From culture to couture

By The Active Age | December 29, 2023

To say that Wichitan Hazel Stabler, perhaps best known as a member of the Wichita school board, is currently experiencing some of the highest and lowest moments of her life is an understatement.

First, a pinnacle of achievement for the fashion designer: She’s been invited to present a show at Paris Fashion Week. The Milan Fashion Week invited her, too, but she can afford only one trip. Naturally, the Paris show — a crowning achievement for any designer — has to be it.

Stabler also received wonderful local recognition at a Wichita Art Museum event earlier this year. A particularly posh crowd marveled at the stunning outfit she wore, a creation that emcee Bonnie Bing explained that Stabler had whipped together in a mere hour the night before.

Then there are the lows.

Stabler’s 46-year-old son, Derek Edmonds, was diagnosed with pancreatic cancer last year.

Then Stabler was diagnosed with lung and kidney cancer in May. As she was recovering from having half her lung removed in September, her husband, Hollis Stabler, was diagnosed with glioblastoma.

Hazel Stabler cared for her husband in the midst of her own recovery, but three weeks later, he died.

“I’m still in shock,” said Stabler, who also is having a kidney removed in January.

“It’s overwhelming . . . My doctor recommended I go to a counselor because I’m really having a hard time.”

She’s got to start preparing for Paris, though, which is coming up next fall.

If the show Stabler presented at New York Fashion Week in 2019 is any indication, it could help her take a step toward healing.

She said it was a memorable moment “because it told a story.”

Stabler is American Indian. She is a member of the Yaqui and Ojibwe tribes. Both of her parents’ families came to Kansas to work on the railroads.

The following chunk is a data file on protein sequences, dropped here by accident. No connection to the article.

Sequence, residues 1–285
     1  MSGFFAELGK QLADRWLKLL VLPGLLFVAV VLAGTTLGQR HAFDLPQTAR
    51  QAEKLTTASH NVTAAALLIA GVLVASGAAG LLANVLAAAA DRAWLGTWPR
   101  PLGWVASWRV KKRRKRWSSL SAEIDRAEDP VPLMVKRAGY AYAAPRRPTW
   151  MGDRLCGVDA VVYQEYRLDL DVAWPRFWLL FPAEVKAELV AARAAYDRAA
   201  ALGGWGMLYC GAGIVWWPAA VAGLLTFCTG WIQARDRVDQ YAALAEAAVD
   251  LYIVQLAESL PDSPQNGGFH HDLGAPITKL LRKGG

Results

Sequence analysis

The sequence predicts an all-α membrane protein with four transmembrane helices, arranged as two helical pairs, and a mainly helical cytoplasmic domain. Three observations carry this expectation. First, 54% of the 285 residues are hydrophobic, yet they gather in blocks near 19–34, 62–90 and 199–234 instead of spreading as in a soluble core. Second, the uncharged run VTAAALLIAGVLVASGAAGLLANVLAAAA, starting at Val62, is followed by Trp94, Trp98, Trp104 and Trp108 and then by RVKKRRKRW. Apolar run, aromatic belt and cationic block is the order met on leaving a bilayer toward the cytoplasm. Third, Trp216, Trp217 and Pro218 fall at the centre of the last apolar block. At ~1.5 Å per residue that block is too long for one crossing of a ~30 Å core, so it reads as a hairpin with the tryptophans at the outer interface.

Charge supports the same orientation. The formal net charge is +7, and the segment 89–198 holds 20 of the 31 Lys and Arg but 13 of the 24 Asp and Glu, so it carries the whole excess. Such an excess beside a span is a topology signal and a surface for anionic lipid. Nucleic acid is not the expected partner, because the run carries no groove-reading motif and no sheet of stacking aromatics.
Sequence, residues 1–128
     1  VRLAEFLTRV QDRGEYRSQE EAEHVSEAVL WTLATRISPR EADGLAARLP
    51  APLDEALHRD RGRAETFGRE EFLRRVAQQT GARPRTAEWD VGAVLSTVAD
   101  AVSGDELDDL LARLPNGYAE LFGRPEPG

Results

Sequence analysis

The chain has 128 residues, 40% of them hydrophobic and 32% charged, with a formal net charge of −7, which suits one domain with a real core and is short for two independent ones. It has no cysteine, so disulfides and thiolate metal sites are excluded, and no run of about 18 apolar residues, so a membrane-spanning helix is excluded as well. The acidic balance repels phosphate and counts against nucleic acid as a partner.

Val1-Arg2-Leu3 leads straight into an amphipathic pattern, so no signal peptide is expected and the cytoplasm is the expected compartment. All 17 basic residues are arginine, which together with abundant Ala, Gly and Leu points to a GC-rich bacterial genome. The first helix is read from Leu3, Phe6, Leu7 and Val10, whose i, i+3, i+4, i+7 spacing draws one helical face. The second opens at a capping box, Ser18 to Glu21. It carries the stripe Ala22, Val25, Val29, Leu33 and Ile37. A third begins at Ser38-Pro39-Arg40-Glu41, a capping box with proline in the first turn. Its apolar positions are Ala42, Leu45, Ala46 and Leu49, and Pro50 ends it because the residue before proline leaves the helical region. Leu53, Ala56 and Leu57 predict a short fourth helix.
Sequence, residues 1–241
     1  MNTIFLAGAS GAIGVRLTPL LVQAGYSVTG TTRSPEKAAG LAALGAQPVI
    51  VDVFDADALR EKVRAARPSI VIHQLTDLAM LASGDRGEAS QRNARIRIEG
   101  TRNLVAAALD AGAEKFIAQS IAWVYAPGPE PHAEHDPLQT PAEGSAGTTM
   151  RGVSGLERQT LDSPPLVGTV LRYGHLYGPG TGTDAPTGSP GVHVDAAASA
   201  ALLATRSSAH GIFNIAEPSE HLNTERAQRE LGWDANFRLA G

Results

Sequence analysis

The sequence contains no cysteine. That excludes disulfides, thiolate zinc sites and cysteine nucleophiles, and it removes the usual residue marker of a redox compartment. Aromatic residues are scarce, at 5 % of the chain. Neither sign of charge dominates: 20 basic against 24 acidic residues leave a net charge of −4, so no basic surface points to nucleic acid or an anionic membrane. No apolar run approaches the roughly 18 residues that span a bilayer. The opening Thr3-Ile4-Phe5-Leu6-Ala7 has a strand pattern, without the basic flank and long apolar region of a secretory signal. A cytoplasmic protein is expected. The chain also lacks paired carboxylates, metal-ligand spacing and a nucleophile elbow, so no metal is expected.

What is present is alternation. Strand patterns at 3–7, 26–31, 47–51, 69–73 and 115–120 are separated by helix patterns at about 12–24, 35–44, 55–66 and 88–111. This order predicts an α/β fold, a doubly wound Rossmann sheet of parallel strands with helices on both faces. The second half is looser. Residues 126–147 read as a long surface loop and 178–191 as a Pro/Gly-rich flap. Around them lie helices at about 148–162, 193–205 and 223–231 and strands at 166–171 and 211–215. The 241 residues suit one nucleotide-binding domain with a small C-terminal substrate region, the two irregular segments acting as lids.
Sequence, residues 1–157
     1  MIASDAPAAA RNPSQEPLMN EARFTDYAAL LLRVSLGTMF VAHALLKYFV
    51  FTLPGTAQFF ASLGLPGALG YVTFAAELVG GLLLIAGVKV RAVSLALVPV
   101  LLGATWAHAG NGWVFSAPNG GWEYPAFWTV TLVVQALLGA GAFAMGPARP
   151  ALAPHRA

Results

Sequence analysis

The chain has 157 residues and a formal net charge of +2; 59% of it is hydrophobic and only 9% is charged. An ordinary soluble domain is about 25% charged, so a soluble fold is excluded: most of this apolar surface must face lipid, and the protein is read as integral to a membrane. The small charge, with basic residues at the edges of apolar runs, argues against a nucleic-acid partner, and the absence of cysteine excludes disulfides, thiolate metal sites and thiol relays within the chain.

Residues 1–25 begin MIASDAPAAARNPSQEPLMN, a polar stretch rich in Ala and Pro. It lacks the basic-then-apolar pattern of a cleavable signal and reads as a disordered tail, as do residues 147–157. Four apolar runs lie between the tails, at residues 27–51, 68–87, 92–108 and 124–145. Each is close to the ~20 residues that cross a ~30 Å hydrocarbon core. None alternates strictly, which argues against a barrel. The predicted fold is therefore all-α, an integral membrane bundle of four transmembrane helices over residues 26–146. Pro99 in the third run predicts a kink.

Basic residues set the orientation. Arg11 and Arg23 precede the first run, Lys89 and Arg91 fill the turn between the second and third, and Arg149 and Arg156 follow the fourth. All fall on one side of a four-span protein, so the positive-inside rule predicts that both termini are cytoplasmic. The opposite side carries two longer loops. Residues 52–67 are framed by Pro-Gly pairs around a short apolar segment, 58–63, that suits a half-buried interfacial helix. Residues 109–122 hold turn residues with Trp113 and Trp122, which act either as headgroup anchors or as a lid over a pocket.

The show required a lot of thought, she said.

“I knew I had one chance to be able to create a narrative of who I was and where I’m coming from.”

For the show, her husband modeled a traditional men’s buckskin outfit. Her three daughters dressed in traditional Wichita tribe clothing, which included red buckskin, elk teeth and Stabler’s hand print as a statement about missing and murdered indigenous women.

Stabler’s heritage is especially important to her, and she said her fashion is an expression of that.

“It’s enabled me to share my culture through fashion and bring awareness to my culture . . . in a good way and in a true way.”

She said she’s hardly the only American Indian doing that.

“Actually, our culture’s rich,” she said. “We have a lot of great artists and designers. . . . I kind of take it to the next level to what I’d say is couture.”

The hard way’

Stabler, who has always been interested in clothing, received a degree in apparel design and fashion merchandising at the University of Louisiana.

Stabler has five children (four with her first husband, from whom she’s divorced, and one with her second husband, who died in a plane crash almost 20 years ago). She began sewing Native outfits because of her children.

“I grew up knowing about my culture, going to powwows (and) traditional ceremonies, and so I raised my kids the same way.”